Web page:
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Question to the Sexpert:
“In all of the articles you’ve written that I’ve read you’ve never shown any concern with the effect all this graphic sex talk has on kids. I see that your site says it’s for adults only, but you’re part of an overall system of in-your-face sexuality that I see and hear every day. What do you have to say to us parents who have the responsibility to protect our kids?”
Let me begin by agreeing with you entirely. I actively seek through every column to encourage open dialogue about sexuality: a goal often perceived as indistinguishable from the salacious, for-profit, instant gratification culture cultivated by modern media. And rarely have I digressed from a topic to discuss how children are affected by the conversation being held. And this commoditization of sexuality, this “in-your-face” skankitude, is having a serious effect on kids.
In short: you’re right… But you need to look further.
Let’s start by talking about how sex is similar to its equally maligned brethren: drugs. We hear “drugs are bad” and immediately after doing a Mr. Mackey impression in our heads, we sort of agree. Drugs, like heroin and meth, have ruined the lives of people we know and maybe even love. But amoxicillin has cured many a sinus infection and leukotriene inhibitors have saved many lives that might have otherwise been lost to an asthma attack. Not all drugs are the drugs the TV tells us are a “dead end.” And not all sex is hedonistic, irresponsible degradation of innocence.
What differentiates the good from the bad is both content and context. My site, as you mentioned, is intended for an adult audience, or at least folks who can handle my obfuscating poly-syllabic responses to questions about the Dirty Sanchez. But what about less-avoidable media like the radio and TV?
I’m not going to come at you with the standard bullshit line (although it still is true) that “if you don’t want your kids exposed to something, turn off the damn TV and radio.” You’re not an omnipresent Big Brother who can monitor every stimulus around your children and much of what is presently available is schlocky shite. But what should concern you is not that sex is being discussed or presented, but how.
Take for instance the song “Birthday Sex” by Jeremih. I’ve heard it decried as obscene and in some radio edits the word “sex” is omitted entirely. On its face it could be construed as yet another bitches and hos R & B jam. But in reality, I’d contend that it’s one of the better messages out there for kids.
“Birthday Sex” is about showing affection for one’s partner and mutual pleasure. It communicates that a woman can and ought to derive enjoyment from sexual activity and that her partner can be proud of putting effort into satisfying her needs and focusing energies on building a relationship. It’s a celebration of the physical act of love. Even the most traditional of critics ought to support these notions. And nothing in the lyrics suggests that the couple featured in the song is not monogamous. And arguably there’s no reason to assume they aren’t even married.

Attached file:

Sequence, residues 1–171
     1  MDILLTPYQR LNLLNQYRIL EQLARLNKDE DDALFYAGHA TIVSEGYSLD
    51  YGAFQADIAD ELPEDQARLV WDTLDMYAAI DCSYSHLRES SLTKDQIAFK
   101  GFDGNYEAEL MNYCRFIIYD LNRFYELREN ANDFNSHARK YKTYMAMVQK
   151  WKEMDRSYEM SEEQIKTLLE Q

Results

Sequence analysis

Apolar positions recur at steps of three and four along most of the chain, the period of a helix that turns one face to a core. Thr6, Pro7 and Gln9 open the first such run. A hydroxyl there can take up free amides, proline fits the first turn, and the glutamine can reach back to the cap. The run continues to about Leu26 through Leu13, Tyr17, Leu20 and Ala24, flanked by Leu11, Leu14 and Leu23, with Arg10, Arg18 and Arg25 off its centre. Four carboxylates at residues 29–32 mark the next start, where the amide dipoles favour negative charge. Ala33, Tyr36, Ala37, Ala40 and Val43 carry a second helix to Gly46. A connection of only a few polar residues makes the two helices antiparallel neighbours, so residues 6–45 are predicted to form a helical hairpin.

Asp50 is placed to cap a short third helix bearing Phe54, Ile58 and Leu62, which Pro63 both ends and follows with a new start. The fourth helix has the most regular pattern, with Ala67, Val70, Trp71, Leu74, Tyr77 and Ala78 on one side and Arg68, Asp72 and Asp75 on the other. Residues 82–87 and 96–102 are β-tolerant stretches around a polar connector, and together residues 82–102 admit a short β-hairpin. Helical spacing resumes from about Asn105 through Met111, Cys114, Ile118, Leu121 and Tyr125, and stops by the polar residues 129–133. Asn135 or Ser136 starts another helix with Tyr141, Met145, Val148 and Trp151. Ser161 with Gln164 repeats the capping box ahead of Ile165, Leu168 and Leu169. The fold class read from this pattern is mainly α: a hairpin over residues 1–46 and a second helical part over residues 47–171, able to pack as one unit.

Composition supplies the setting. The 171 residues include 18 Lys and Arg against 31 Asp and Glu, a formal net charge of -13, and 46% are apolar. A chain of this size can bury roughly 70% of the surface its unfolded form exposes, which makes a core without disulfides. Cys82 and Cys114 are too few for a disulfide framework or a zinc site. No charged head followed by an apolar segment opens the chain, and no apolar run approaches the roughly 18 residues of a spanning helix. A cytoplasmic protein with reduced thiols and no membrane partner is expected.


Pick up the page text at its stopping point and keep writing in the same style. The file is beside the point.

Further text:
But because the beat is hot and the content is sexual, the song is dismissed as being indistinguishable from “Face Down, Ass Up” by 2 Live Crew.
Then, on the flip-side is resident Safe White Girl, Kelly Clarkson. I’ve yet to hear a lot of objections to her lyrics (well, moral objections anyway) but her song “My Life Would Suck Without You” is a glorification of a dysfunctional, mildly abusive, overly dramatic relationship. Kids listening to it learn that it’s normal and even romantic for one’s significant other to deride and insult them, as long as they have a magnetic attraction towards each other and apologize after a fight.
That’s undeniably more harmful to a young girl singing along in the backseat of the car, slowly learning through modeling how people ought to act. Again: it’s both content and context. And that’s where you, the parents, come in.
You can’t police everything that your kids are exposed to and you shouldn’t either. What you can and should do, though, is not be lazy and scared to talk to them. Use each sexually charged moment on TV or radio as a teachable moment and have a conversation about what your family believes about the subject. Ask your kids what they think of the words they’re hearing and the images they are seeing. Share your values on the messages being conveyed. Tell them that an awful lot of media is made so that people can make money off of fantasy and that it may not represent reality.
I’ll do my part: giving you and them factually accurate information when needed. You give them the tools to sort through the information.
Sexpert Timaree Schmit is currently finishing her doctorate in Human Sexuality, the culmination of a lifetime of prurient interests. She has worked as a sex educator writing for both academic and popular media for over seven years, and as an HIV Prevention Counselor, peer sexuality educator and adjunct professor. She was the founding Chair of the Human Sexuality Education Student Organization (HSEDSO) and is an active member of the American Association of Sexuality Educators, Counselors and Therapists (AASECT) and the Society for Scientific Study of Sexuality (SSSS). You can see more of her work at SexWithTimaree.com